Written by Philip Boucher,
Assistive technologies (ATs) are designed to improve the functional capabilities of people with disabilities. Some are relatively low-tech and very familiar, such as reading glasses, crutches and hearing aids. Others are more advanced, using cutting-edge science and technology, with future ATs under development that could have a huge impact on all our lives.
This week, STOA published the results of its study on ATs for people with disabilities. The study was requested by Ádám Kósa (EPP, Hungary) and carried out by the European Technology Assessment Group (ETAG), under the management of STOA.
The key results of the study are presented in a video, and are further summarised and developed in an In-Depth Analysis, published by STOA, which highlights that many current and future ATs could have a substantial positive impact on the inclusion of people with disabilities in society, education and employment. However, just because current ATs already bring many opportunities, that does not mean that social or regulatory action is not needed, nor does it mean that by waiting for future ATs we will inherit a more inclusive society. Indeed, if they are not developed and introduced carefully, ATs can pose risks for human rights, privacy, dignity, access to employment, freedom and social inclusion.
The first phase of the study focused upon the context of ATs, in particular the regulatory, health and demographic aspects. Three disabilities were considered: blindness and visual impairment, deafness and hearing impairment, and autism spectrum disorder. The three disabilities exhibit several similarities and differences that are important for current and future ATs. The analysis of the regulatory environment focused on Germany, Hungary, Portugal and Sweden, highlighting divergence in their approaches to supporting the use of ATs. These reviews are presented in Part I of the study. A review of current, emerging and future ATs is presented in Part II of the study.
The project then entered its primary research stage, which included surveys, expert interviews and a stakeholder workshop. People from each disability group, including users and non-users of ATs, participated in the survey, which focused upon their perspectives and needs with regard to technology and regulation. This was supplemented by expert interviews, selected so as to gain a deeper understanding of the potential and challenges of current and future ATs. The workshop brought together stakeholders from policy-making, NGOs, academia and industry to consider a wide range of potential impacts of ATs on society. These activities are presented in Part III of the study.
Through this combination of primary and secondary research, several social, technical, ethical, demographic, regulatory, economic and environmental trends were identified. These were used to compile four explorative scenarios about the future of ATs, which are published as an appendix to Part III of the study.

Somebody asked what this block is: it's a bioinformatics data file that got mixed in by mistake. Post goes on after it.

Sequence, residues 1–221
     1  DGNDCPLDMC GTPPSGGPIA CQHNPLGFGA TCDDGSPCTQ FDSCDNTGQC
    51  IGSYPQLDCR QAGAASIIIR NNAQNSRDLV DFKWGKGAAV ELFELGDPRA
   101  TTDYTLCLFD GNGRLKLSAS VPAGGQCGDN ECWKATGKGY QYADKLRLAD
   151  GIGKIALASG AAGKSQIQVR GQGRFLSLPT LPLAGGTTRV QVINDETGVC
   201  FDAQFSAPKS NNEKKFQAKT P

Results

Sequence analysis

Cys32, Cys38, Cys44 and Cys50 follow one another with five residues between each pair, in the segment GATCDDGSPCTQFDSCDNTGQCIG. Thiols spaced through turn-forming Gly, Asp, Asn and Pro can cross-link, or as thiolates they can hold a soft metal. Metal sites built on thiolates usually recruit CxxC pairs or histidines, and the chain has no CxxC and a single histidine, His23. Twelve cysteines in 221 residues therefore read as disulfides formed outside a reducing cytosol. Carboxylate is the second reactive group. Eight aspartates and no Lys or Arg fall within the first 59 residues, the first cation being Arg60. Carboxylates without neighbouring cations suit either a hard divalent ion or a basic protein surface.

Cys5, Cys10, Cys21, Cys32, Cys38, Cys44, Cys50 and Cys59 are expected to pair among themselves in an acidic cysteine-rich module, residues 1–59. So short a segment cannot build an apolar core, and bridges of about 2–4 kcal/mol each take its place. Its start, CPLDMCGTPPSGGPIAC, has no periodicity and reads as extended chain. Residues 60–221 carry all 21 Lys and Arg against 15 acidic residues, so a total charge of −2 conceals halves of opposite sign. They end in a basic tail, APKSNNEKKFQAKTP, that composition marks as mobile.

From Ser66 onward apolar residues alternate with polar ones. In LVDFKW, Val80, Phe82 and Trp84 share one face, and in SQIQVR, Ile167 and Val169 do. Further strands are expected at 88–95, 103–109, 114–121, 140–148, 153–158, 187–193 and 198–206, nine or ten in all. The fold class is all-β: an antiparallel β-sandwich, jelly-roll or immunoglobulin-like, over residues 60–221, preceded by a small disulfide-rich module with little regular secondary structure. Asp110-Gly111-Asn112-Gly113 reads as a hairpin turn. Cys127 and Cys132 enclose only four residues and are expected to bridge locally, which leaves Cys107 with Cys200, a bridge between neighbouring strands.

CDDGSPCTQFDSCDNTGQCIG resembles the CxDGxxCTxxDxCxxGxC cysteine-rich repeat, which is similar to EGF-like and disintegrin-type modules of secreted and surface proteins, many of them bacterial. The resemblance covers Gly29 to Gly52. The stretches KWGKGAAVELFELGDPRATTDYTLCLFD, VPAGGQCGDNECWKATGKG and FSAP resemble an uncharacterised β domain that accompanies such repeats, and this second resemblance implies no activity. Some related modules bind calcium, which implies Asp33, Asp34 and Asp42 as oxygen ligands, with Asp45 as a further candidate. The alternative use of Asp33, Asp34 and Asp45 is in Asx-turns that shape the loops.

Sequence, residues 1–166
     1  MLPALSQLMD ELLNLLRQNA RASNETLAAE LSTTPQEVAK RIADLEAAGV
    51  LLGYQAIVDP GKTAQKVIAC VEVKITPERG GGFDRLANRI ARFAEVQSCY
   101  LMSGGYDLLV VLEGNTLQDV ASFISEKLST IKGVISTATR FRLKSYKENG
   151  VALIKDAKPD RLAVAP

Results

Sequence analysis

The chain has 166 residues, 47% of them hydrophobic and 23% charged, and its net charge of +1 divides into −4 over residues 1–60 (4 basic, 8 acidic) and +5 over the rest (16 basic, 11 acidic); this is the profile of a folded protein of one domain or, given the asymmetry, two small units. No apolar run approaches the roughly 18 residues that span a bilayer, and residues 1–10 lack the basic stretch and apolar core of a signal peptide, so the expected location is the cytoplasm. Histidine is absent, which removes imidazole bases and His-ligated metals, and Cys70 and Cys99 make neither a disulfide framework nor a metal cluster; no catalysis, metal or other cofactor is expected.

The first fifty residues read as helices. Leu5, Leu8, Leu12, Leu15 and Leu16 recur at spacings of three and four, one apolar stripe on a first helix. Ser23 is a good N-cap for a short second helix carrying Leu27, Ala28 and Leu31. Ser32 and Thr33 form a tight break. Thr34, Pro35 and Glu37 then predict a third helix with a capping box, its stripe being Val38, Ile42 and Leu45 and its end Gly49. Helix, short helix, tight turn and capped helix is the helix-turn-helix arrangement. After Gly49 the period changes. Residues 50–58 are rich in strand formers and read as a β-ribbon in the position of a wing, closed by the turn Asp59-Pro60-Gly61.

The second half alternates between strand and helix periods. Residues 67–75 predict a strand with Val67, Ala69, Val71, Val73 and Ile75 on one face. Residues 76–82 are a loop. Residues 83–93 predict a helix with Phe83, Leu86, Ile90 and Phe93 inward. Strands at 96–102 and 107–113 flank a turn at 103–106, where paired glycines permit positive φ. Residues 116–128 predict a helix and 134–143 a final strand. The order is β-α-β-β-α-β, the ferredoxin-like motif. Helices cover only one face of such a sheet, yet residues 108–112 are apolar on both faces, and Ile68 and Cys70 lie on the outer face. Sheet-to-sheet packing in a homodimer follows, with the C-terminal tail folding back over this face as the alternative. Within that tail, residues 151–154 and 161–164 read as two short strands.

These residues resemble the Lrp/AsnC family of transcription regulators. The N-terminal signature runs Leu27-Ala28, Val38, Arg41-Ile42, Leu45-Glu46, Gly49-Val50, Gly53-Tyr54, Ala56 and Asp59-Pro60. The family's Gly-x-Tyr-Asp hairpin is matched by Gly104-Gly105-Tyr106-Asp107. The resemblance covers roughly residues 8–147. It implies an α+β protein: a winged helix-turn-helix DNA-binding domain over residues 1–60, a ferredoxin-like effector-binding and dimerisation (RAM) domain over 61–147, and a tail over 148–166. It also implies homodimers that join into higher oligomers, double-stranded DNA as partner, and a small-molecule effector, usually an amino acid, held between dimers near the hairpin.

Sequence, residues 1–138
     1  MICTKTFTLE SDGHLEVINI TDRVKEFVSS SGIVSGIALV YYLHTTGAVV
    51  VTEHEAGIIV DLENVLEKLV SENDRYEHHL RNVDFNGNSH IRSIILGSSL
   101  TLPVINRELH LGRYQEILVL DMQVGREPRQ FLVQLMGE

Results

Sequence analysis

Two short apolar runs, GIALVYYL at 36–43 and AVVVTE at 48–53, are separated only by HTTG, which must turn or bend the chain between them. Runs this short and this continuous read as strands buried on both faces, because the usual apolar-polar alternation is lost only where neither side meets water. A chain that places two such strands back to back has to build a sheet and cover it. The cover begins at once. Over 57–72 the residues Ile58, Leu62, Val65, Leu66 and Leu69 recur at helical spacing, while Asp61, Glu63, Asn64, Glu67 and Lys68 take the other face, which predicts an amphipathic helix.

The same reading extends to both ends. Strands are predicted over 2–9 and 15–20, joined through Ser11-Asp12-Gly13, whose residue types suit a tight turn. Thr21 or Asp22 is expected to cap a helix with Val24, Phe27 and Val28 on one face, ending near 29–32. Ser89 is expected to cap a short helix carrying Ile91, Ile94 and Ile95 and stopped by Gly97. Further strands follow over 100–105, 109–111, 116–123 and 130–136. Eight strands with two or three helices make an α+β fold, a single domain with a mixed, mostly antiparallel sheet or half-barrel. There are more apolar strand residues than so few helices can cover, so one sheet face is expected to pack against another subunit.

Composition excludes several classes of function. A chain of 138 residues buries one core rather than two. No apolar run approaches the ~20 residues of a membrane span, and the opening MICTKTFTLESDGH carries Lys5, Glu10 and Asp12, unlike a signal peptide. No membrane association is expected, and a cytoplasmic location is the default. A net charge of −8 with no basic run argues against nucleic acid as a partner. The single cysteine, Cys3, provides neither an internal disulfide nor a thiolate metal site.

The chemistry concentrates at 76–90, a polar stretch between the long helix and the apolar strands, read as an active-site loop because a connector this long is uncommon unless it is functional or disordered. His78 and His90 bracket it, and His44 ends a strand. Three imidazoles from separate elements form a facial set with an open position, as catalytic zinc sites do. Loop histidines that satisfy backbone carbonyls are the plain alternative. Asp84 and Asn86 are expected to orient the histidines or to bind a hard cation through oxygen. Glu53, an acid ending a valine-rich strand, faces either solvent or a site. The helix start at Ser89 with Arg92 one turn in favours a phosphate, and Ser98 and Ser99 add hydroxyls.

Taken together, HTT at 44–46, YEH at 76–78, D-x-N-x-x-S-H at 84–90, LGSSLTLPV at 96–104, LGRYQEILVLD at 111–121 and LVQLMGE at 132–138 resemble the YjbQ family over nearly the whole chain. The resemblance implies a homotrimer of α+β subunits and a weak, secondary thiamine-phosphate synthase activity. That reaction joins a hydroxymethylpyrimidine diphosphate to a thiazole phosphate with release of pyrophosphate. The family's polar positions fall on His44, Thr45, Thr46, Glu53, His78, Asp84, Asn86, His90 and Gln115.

The final stage of the study was to develop legal and social-ethical reflections on the role of the European Parliament’s current and future initiatives. These were produced in-house by STOA, and led to a range of potential policy options regarding accessibility as a human right, privacy by design, informed consent, user-centred technology design, ethics oversight structures, AT classification systems, safety, the autonomy of choice to use ATs, and the availability of human care. The full range of reflections and policy options are presented in Part IV of the study.
The In-Depth Analysis concludes with several key messages. First, a proactive approach should be taken to ensure that current and future ATs respond to the needs and challenges of society. Second, a ‘one size fits all’ approach to promoting ATs may be inappropriate, as individuals have different needs, desires and preferences, and live in different social, economic and infrastructural contexts. Third, technology alone is not enough and should be combined with social and regulatory action. Fourth, actions should not exclusively focus on individuals with disabilities. Adequate responses to discrimination and stigma will require broad attitudinal and organisational change that permeates society. Some professions, particularly those at the front line of public services, need to understand how to communicate using ATs effectively, so as to ensure that they can deliver their services to all citizens. The designers and developers of all technologies – whether assistive or mainstream – would also benefit from a better understanding of the challenges of inclusion. Practical steps include co-creation and the enhanced involvement of people with disabilities from the earliest stages of technology development, and support for the emergence of a range of AT professionals who could support people with disabilities, technology developers, and other citizens to maximise the benefits of ATs. Fifth, and finally, it calls for more effective use of current technologies and regulations, combined with social action against discrimination and stigma, which could have a profound positive effect on all of our lives.